October 12, 2015 –
BALTIMORE – “They must have lowered the standards.”
We were talking about the two women who had just completed Army Ranger School, and my brother, Tim, was playing devil’s advocate.
Even knowing that he was only parroting a common negative opinion and it wasn’t his own, I got huffy.
I sputtered something about Ranger pride and the probability that some girl out there had to be capable enough to beat the challenge.
Our conversation became a bit more civil after that, but something about it has stuck with me in the months since.
I read a lot of the news reports that covered the story of Capt. Kristen Griest and 1st Lt. Shaye Haver – and later Maj. Lisa Jaster – earning their Ranger tabs, all the while looking for something that was missing.
Was it all about checking the equal opportunity block? To public perception, maybe Griest, Shaye and Jaster’s achievement wasn’t much more than that.
But I believe public perception completely missed what’s at stake. Gender, in and of itself, does not matter.
“Blasphemy!” some might say. “Sexism! Misogyny!”
And I’d say, “What’s the point of gender integration? To fill a quota? To add a dash of pink into a sea of blue? I don’t want to be reduced to my chromosomes any more than any other person does.”
“Of course you shouldn’t!” they’d say. “A person’s value in an organization exceeds her genetic makeup: Her experiences, her education, her upbringing – which are unavoidably linked to her gender and race – all contribute. That’s why equal opportunity is not only just, but practical too. Barring a person from a position on account of gender means we lose the potential benefits of all the rest.”
“So, from that viewpoint, going with the ‘same-old, same-old’ all the time would be a bad thing,” I’d say.
“Sure. Bringing in people with different points of reference means we can tackle problems that arise with fresh perspectives. Diversity in the ranks means a more robust fighting force or workforce.”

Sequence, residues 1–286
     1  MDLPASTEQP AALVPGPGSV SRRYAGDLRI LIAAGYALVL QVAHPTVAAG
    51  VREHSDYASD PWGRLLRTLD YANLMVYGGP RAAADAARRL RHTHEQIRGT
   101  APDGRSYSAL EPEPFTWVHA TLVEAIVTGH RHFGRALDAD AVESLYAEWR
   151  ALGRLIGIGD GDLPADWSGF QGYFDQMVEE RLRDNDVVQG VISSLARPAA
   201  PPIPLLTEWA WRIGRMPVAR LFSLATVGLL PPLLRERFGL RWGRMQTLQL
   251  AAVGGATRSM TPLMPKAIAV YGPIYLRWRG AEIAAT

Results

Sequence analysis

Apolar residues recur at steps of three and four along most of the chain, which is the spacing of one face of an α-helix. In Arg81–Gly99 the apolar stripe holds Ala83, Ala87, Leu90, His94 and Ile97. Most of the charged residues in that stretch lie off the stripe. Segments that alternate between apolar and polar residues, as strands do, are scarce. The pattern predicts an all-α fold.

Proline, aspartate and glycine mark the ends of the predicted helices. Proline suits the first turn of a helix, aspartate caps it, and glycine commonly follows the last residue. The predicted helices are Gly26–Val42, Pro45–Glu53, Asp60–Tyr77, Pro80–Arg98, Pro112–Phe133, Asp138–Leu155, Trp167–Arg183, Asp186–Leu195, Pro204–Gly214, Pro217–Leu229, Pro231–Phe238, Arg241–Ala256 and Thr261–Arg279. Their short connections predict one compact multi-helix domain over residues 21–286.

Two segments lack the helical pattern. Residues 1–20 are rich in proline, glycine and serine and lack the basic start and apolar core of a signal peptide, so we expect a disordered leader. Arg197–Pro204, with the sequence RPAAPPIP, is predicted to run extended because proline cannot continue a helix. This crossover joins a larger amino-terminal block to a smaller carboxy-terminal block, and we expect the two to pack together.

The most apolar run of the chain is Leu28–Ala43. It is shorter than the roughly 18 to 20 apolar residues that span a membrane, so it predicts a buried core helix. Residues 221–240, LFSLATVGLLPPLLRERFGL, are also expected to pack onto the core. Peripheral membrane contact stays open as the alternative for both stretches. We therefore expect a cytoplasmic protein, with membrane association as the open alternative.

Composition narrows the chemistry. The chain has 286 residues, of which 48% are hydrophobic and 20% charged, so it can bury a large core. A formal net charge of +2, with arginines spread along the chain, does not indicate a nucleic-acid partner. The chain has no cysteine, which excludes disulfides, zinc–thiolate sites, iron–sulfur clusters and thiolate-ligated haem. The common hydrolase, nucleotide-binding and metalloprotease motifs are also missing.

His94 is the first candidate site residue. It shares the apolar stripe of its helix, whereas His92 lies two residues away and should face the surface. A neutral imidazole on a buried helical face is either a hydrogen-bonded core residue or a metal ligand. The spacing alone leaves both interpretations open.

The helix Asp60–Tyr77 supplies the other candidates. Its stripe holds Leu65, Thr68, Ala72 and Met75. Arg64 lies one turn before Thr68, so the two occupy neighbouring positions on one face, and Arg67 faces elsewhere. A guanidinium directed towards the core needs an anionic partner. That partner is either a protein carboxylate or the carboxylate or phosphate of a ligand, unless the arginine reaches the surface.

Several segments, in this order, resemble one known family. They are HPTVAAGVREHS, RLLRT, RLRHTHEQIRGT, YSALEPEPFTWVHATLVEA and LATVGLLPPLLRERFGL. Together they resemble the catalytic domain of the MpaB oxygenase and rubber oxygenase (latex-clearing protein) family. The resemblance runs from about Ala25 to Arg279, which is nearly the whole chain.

I’ve heard the word thrown about a lot, most particularly in regard to the Army Equal Opportunity Program. Looking around, though, I discovered that Army EO doesn’t have a monopoly on the term.
For instance, in finance diversified portfolios cut the happiest medium between profit growth and security. In architecture, bricks run in alternating patterns, which adds strength as well as curb appeal. In biology, inbreeding results in freaky future generations. In military tactics, engaging the enemy with plans that are the ‘same-old, same-old’ is a recipe for disaster.
Even if the word has been overused and abused, I think diversity’s value shouldn’t be ignored.
Looking back to February, the Maryland National Guard got its first African-American woman as adjutant general. Maj. Gen. (MD) Linda L. Singh wasn’t given command on account of her race or gender or to score EO kudos, but those were the focus of nearly every story.
Then the civil unrest in Baltimore happened in late April, and the Maryland Guard was activated to assist.
When Singh stepped in front of the cameras, maybe her gender and skin color first caught people’s attention. But she held their attention when she shared the wisdom gained from her background, her experiences and the decisions she’d made to get to the top. All of that – every little bit – allowed her to speak words that resonated, that connected with people in Baltimore.
Singh was the right person for the job, no question about it.
That’s why I think gender matters, especially in today’s military. It can’t be just a quota or ratio. Rather, it’s an element that when – and only when – taken with all the other things that make up an individual, can strengthen and add depth to a group. This is the purest, most valuable form of diversity.
While the ‘same-old, same-old’ can stunt development, I think cultivating such valuable diversity can ultimately enrich the military environment.